That point in time, as middle level Internal Audit Professional, one kept on seeing issues getting churned out which comprised of very typical and routine observations. Few examples being, observing delays (purchase requisitions to purchase orders, purchase orders to goods / services receipt note preparation etc.) with annexures attached to the reports running into pages. Another issue those days, which was very close to an internal auditor’s heart, was of the issue of open purchase orders. Few youngsters (and shockingly a few seasoned seniors too) during those days used to categorize this open purchase order issue, as if the people engaged in the purchase order preparation process have done a cognizable offence under the Indian Penal Code.

Unfortunately the real risks behind a particular delay or for a purchase order remaining open more than usual were never brought out convincingly and conclusively to management. This failure of a Risk and Control professional to highlight the real risk and the crux of the matter from the outcome of trendy data analytics tool was primarily attributable to the fact that the auditor was possibly not thoughtful enough. He or she may have been very intelligent but what was possibly lacking was his / her quality of converting an insight into a foresight. And there lied the success, which the fraternity may have disregarded.

The way the future is looking and the way ex-Bankers are becoming ‘Big Data’ professionals, it seems that the present day Businesses are suitably geared up to taking care of the processes and risks therein, with the objective of enhancing value. As future ready Risk and Controls professionals, it is important to note that Senior Management and Boards will be looking at us more from a value protection perspective while the Business itself takes care of the enhancement. And while we all must have our innovation hats on, must think disruption and artificial intelligence, indulge on hip techniques of digitized auditing with data mining and analytics being done on our hand-held devises, what will unquestionably separate us from the rest will be our ability to contemplate and consider the real risk from independent and objective assurance standpoints. We must innovate, digitize and get to smarter audit techniques, but everything that we do must culminate in converting the insights into foresights. We will indeed have robots to identify and highlight the delays in future and for sure the job will be done more proficiently, but a human will need to figure out the real risk behind and look at the bigger picture. And when we look at the big picture, we will surely protect value with enlarged focus on foresights. As Businesses become more and more risky with disruptions everywhere, ‘Protection’ certainly will be the new mantra and be the most important ingredient in the ‘Add Value’ recipe.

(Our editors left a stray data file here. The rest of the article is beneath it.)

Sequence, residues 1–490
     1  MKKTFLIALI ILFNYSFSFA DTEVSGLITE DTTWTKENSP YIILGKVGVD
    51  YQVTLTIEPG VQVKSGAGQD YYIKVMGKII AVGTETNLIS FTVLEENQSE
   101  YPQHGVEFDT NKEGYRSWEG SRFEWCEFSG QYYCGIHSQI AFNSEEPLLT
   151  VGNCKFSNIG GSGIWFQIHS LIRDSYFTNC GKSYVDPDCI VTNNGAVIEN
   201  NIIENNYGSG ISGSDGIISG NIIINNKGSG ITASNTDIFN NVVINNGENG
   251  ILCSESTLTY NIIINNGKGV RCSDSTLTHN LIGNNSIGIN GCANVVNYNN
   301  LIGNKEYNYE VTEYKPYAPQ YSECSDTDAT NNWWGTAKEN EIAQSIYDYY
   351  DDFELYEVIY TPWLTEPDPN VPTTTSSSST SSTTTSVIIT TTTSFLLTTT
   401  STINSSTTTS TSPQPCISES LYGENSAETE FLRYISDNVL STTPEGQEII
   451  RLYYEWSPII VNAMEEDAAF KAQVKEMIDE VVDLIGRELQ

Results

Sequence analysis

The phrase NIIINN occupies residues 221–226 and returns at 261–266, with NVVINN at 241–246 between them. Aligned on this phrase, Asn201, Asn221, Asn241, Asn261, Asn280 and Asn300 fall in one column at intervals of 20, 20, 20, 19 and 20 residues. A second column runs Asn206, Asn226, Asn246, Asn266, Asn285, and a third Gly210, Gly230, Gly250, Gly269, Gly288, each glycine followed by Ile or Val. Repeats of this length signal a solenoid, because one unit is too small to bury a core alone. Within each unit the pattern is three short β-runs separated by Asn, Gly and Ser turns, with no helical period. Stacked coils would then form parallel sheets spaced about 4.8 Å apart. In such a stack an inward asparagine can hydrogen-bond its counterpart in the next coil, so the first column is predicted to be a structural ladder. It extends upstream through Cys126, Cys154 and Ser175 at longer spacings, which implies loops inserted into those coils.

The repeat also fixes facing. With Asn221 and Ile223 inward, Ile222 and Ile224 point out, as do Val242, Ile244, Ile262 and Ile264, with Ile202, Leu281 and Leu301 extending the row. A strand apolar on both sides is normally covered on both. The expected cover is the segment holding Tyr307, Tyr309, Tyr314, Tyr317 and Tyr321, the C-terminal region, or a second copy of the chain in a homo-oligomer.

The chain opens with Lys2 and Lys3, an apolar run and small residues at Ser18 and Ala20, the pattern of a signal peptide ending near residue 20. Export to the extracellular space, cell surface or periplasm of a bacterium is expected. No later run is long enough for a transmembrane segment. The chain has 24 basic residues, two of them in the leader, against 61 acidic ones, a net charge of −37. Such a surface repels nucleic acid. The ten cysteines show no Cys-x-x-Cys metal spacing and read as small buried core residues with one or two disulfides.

Who knows, an Internal Audit Professional with appropriate insights of Global Financial Crisis (which I didn’t have) and reasonable foresight skills could well become the professional of the future with toehold in predictive analytics, prescriptive analytics and enterprise decision management? Let us all remain dependably relevant.

Views and opinions expressed in this article are personal and do not reflect the official position.

About the author

Anirban Dasgupta is a Risk and Controls specialist by profession, a passionate thinker and an accidental writer by pastime. Anirban heads the Assurance and Internal Audit Function in RPG Group and is based out of Mumbai. He’s a member of the Institute of Chartered Accountants of India with wide-ranging experience in metals, consumer and industrial products, financial services and various service industries. You can also find him on Twitter ( and LinkedIn